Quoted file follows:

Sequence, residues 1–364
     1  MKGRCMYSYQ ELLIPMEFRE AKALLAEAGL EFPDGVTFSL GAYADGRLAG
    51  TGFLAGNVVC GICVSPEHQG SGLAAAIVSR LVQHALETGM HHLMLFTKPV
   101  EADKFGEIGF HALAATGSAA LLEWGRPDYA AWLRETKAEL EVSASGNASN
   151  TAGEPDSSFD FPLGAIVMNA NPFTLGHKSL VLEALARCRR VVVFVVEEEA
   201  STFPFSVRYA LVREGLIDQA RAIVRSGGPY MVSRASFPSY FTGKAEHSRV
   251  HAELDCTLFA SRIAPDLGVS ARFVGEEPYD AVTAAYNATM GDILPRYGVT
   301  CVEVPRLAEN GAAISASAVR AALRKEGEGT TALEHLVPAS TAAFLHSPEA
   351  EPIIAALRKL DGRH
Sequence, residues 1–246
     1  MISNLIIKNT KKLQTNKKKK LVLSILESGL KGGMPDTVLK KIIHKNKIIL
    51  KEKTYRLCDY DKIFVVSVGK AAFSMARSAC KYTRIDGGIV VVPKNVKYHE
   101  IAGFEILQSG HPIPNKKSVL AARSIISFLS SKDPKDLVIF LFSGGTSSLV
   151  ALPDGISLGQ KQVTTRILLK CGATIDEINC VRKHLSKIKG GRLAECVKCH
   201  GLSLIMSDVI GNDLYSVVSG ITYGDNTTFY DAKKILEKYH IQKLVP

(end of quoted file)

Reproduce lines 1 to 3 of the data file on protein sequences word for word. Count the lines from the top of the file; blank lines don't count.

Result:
Sequence, residues 1–364
     1  MKGRCMYSYQ ELLIPMEFRE AKALLAEAGL EFPDGVTFSL GAYADGRLAG
    51  TGFLAGNVVC GICVSPEHQG SGLAAAIVSR LVQHALETGM HHLMLFTKPV